While some of us are careful shoppers and click through to the secondary page to see if a better deal is available, most will simply click on the Buy Now button.

The Monopoly/Monopsony problem

The EU missed another issue raised by Sen. Elizabeth Warren in March.

The (medium.com) Team Warren manifesto names a third problem with how Amazon operates its marketplace.

By collecting sales and marketing data from its 3rd party sellers, Amazon can also target specific product categories with its own branded products. For example, should one buy an Amazon Basics mouse or a Logitech mouse?

Sen. Warren also pointed at several other companies - Google, Facebook, etc - saying they each have their own version of this practice. Google for example has designed the search results page to give preference to Google properties.

Sen. Warren called this a Monopoly. However, while the word Monopsony is the technically correct word, Warren is smart to use the word Monopoly because that's the word everyone knows.

According to Wikipedia a Monopoly is:

A monopoly exists when a specific person or enterprise is the only supplier of a particular commodity. This contrasts with a monopsony which relates to a single entity's control of a market to purchase a good or service, and with oligopoly which consists of a few sellers dominating a market.

According to Wikipedia a Monopsony is:

In economics, a monopsony is a market structure in which a single buyer substantially controls the market as the major purchaser of goods and services offered by many would-be sellers.

Clearly Monopsony is the correct word to use.

How does Amazon collect data from 3rd party sellers

This is fairly obvious once one understands how the Amazon marketplace operates.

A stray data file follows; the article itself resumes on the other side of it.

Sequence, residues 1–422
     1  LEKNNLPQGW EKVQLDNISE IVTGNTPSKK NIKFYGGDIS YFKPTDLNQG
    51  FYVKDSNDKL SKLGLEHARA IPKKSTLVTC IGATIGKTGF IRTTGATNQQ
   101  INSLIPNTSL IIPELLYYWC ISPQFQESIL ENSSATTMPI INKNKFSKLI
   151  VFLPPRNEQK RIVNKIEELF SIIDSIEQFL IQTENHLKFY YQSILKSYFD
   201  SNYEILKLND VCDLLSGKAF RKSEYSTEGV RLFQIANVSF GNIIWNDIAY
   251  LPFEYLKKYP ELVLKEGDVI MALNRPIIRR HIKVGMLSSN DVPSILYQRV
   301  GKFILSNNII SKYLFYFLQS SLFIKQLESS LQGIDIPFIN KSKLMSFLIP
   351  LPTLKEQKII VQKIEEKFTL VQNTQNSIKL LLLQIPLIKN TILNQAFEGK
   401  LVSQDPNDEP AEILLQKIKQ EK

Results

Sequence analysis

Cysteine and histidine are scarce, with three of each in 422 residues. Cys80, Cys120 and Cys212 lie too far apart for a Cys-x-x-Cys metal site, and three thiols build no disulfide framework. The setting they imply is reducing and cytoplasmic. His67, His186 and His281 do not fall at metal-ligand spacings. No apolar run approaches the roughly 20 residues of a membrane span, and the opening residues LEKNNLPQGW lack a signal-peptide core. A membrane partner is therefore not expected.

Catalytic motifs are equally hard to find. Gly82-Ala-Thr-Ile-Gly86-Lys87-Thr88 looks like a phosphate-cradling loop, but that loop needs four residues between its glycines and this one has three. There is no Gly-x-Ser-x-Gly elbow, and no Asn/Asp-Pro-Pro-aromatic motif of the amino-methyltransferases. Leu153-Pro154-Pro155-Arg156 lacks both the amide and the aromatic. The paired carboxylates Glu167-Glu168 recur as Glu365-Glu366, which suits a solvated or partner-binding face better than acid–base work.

Amazon has access to these data sources because it operates the Amazon web properties:

  • Amazon mediates all sales activity on Amazon websites
  • Amazon collects web page traffic data on Amazon websites
  • Amazon collects search queries on Amazon websites
  • Amazon has extensive customer data for visitors to Amazon websites
  • ...etc...

In other words, Amazon knows what we're looking for, and might be able to discern what price range or product qualities we're interested in.

While Amazon uses this data to suggest other products we might be interested in, Amazon can also use this data to gain an unfair advantage in its marketplace.

What's the future based on Amazon's actions today?

The EU is clearly concerned about the future.

" ... We need to ensure that large online platforms don't eliminate these benefits through anti-competitive behavior. ... " -- Commissioner Margrethe Vestager

There is already huge concern that Amazon is growing way too big. That bigness is a problem if (or when?) Amazon starts to leverage the control it has over prices and products.

Today Amazon is a Monopsony, but what if Amazon mutates into an outright Monopoly?

EU Press Release

Retrieved from (ec.europa.eu) European Commission Press Corner

About the Author(s)

David Herron : David Herron is a writer and software engineer focusing on the wise use of technology. He is especially interested in clean energy technologies like solar power, wind power, and electric cars. David worked for nearly 30 years in Silicon Valley on software ranging from electronic mail systems, to video streaming, to the Java programming language, and has published several books on Node.js programming and electric vehicles.